The final part of the dissertation covers the deepening of Sino-Japanese cooperation with the conclusion of the Sino-Japanese peace treaty and the first of a series of Official Development Assistance agreements. The political narrative here closely hews to arguments advanced by Ming Wan that, contrary to the mainstream of Japanese academic opinion, Japan did not conclude the peace treaty on a tide of emotion or without due regard for national interests. Hoppens substantiates this claim with the writings and speeches of Prime Minister Ōhira Masayoshi and Foreign Minister Ōkita Saburō, showing that both offered explicitly pragmatic justifications. Moreover, Ōhira and Ōkita believed that serving as aid-giver to China validated a positive view of Japanese history and identity, and sustained a self-flattering image of Japan as regional leader. This triumphalist national narrative also emerged in the writings of conservative thinkers like Etō Jun, to whom the economic failures of China’s Maoist period brought Japan’s successes into stark relief. Other conservative scholars critiqued China’s “hyper-realist” (p. 388) power politics, seeing its nationalism as both aggressive and atavistic. These were also the very issues that led leftists to reconsider the pro-China cause, and the PRC invasion of Vietnam in 1979 forced many progressives to repudiate Chinese nationalism.

In the 1980s, however, the conservative triumphalist narrative of Japanese national identity would not sit well with the PRC leadership, despite the continued compatibility of strategic and economic interests. The epilogue and conclusion deal with the hidden tensions within the 1970s rapprochement, particularly the emergence of the “history problem,” i.e., controversies regarding differing interpretations of Japanese imperialism and the Sino-Japanese war. Other scholars have attributed this destabilization of Sino-Japanese cooperation to changes in the Cold War and international environment. Hoppens, however, forcefully makes the point that these dynamics were driven by incompatible conceptions of national identity.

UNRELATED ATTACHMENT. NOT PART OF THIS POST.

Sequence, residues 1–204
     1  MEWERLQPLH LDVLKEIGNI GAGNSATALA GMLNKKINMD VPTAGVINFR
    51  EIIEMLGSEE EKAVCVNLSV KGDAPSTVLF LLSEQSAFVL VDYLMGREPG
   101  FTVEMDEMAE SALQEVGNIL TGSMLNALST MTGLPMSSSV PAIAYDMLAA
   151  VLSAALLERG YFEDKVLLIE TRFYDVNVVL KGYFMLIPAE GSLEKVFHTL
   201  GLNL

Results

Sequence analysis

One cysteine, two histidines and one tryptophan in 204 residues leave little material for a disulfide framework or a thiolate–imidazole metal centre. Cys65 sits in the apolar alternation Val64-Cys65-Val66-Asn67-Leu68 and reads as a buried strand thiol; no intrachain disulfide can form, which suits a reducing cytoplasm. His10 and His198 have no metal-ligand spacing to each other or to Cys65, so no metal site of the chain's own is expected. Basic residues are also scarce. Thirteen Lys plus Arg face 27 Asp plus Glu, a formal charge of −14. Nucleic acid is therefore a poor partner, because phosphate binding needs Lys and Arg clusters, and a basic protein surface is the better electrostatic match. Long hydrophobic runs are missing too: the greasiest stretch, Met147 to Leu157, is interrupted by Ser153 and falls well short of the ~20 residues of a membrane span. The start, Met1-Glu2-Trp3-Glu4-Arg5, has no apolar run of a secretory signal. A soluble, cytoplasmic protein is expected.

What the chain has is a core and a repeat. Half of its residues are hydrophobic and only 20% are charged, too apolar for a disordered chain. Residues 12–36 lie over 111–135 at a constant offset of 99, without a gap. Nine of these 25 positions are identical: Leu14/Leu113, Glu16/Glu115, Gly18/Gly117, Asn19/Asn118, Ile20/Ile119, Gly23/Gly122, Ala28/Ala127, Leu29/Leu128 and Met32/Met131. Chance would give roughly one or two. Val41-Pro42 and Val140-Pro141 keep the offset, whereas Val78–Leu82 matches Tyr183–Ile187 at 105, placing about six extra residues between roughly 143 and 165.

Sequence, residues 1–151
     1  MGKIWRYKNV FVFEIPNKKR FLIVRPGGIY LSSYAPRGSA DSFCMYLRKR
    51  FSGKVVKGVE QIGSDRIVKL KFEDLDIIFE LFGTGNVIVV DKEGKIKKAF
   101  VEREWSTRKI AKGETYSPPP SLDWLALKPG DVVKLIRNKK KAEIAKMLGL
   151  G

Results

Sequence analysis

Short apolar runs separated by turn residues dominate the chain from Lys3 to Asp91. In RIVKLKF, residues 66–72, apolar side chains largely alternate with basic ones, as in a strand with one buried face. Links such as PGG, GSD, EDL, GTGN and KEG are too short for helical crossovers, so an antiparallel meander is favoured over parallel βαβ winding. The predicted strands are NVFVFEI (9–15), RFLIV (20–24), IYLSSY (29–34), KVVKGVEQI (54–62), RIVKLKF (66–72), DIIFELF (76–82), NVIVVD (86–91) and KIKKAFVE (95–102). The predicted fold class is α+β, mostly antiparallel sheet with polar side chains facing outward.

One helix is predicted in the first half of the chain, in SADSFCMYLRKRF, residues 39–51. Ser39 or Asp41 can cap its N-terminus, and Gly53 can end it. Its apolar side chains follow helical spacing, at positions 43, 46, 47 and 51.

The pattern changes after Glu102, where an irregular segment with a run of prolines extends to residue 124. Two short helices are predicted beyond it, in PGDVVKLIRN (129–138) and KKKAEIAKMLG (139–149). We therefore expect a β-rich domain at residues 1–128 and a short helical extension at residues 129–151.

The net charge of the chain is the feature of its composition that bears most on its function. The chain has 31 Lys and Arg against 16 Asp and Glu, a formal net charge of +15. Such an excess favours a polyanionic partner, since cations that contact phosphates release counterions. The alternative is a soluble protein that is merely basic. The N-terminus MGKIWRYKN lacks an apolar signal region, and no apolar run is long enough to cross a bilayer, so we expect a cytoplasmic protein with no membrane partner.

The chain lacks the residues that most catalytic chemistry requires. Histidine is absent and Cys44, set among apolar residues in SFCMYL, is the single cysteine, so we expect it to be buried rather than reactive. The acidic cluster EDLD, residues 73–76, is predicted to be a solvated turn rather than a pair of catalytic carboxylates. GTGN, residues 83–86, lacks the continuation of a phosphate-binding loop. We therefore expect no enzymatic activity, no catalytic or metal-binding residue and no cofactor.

This dissertation persuasively establishes the link between Japanese intellectual production and diplomatic practice, and contributes to our understanding of one of the most important and troubled bilateral relationships of our time. It builds on “constructivist” international relations scholarship, providing a methodical consideration of how identity is shaped by international encounter. It also provides a wealth of information about the vicissitudes of nationalist thought in postwar Japan. Congruent with scholarship by Victor Koschmann, Kevin Doak, and Oguma Eiji, this study shows that postwar Japanese intellectuals were deeply involved in theorizing national subjectivity, despite rhetorical positions that claimed that Japan lacked a true national consciousness. Hoppens’ dual approach yields many insights. For instance, political scientists like Ming Wan have debunked the notion advanced by many Japanese analysts that Japan had conducted its China policy with submissiveness and sentimentality. This dissertation takes the issue further, situating these arguments within a postwar intellectual project to restore Japan’s national consciousness, and demonstrating how very central the “China Problem” was to the articulation of postwar Japanese national identity.

Eric C. Han
Assistant Professor
Department of History
The College of William and Mary

Primary Sources

Japanese monthly general interest magazines such as Sekai, Chūō kōron, Bungei shunjū
Japanese documentary collections such as Shiryō Nihon shakaitō gojū nen and Nit-Chū kankei kihon shiryō shūsei
Chinese documentary collections such as Mao Zedong waijiao wenxuan and Zhou Enlai waijiao wenxuan

Dissertation Information

University of Washington, 2009. 451pp. Primary Advisor: Kenneth B. Pyle.